Straight from the dark heart of Italy
Christmas came early for Jose Mourinho on Tuesday when he finally got what he always wanted: a press conference without the press.
There was a sparse gathering for what was the pre-game media gathering ahead of tonight’s Italian Cup tie with Livorno – not that anyone was interested in the game.
The majority of journalists had boycotted the Special One in protest at a reported fracas with one of their own after Sunday’s draw at Atalanta – and they sent one attack dog to tear into the defendant.
A bit of back story: Mourinho had just boarded the team coach for the trip back to Milan when he spotted journalist Andrea Ramazzotti hanging about nearby.
Believing that the Corriere dello Sport writer shouldn't be anywhere near his players, he got off the bus and fired off a volley of industrial language – something he does not deny.
Then, according to Ramazotti, Mourinho man-handled him – something the manager does deny.
Of course, it was just what the media and especially the dailies were waiting for: Mourinho Attacks Poor Defenceless Journo.
The problem was that Ramazzotti was doing nothing wrong, having been invited by Inter’s own press office to grab a few quotes off the players to then hand out to his colleagues.
A little more communication within the club could have averted what was by all reports an ugly incident, especially to those of a sensitive disposition.
The club have since apologised, although our fiery little fellow has refused to offer any glad tidings of great joy but claimed he would be happy to speak to Ramazzotti in private – although hopefully with a few witnesses present.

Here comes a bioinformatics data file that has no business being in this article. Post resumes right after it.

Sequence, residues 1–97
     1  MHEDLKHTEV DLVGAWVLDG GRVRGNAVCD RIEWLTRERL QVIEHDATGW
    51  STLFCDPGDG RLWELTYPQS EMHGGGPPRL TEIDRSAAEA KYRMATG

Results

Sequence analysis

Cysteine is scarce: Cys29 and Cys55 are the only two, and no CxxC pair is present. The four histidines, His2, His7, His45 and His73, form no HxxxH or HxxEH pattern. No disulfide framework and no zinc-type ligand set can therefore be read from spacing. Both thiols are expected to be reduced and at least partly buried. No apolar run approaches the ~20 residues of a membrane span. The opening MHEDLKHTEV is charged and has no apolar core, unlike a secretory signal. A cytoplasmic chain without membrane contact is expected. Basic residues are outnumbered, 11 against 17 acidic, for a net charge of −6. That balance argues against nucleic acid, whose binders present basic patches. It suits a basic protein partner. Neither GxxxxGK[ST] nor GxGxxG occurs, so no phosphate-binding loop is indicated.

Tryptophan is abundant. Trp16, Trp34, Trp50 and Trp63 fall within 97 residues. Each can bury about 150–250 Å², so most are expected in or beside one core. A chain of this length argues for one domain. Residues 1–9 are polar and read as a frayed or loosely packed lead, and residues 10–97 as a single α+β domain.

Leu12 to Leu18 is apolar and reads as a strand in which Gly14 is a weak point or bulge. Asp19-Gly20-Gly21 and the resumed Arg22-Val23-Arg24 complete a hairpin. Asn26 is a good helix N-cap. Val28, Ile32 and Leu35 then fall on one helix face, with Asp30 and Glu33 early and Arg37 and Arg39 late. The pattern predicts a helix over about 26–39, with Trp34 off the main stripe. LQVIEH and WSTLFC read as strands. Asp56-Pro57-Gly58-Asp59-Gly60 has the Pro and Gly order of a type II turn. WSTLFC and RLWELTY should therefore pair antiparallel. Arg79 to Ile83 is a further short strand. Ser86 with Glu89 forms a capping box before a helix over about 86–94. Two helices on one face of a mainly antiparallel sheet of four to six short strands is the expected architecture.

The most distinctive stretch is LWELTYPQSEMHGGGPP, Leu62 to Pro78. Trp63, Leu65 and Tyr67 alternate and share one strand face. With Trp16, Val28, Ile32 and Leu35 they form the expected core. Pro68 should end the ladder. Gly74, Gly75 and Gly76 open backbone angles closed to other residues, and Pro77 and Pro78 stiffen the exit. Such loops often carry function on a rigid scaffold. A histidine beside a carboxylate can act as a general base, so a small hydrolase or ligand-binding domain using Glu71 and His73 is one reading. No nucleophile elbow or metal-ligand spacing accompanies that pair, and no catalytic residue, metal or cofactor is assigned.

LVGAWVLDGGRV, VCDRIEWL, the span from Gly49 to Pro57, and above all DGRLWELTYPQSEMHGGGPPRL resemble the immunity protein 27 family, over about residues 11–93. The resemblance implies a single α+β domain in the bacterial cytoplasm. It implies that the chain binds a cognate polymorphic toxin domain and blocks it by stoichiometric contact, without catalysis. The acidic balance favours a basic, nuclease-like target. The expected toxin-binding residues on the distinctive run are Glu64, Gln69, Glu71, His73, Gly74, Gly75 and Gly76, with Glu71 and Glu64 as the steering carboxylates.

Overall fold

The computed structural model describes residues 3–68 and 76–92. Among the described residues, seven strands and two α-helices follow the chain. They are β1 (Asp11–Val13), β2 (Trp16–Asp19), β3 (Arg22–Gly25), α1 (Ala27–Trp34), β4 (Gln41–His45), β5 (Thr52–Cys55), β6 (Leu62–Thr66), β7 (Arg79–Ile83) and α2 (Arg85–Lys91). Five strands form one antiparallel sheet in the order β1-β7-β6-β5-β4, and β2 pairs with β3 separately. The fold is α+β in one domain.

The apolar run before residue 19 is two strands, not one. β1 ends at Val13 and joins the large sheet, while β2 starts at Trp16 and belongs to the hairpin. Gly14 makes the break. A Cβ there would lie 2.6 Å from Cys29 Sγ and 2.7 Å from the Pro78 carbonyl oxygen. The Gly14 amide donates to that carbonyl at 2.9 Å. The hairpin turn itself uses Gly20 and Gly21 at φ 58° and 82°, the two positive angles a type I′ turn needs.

In the meantime, there's little chance of Mourinho jumping off the bus, despite studied editorials that he is trying to “manufacture” an escape from Italy.
This seems highly unlikely as long as Inter have a chance of winning the Champions League.
The domestic title looks on the cards again, what with AC Milan and Juventus contriving to lose whenever Inter slip up, as was the case at the weekend.
And, of course, he's the highest-paid coach in the world – and with Massimo Moratti having been forced into extending his deal to ward off Real Madrid, he would like some sort of return on his investment.
There's little or no chance that relations between Mourinho and the local press will ever be anything other than frosty, but if our man did up sticks and leave, they would be the first to miss him.
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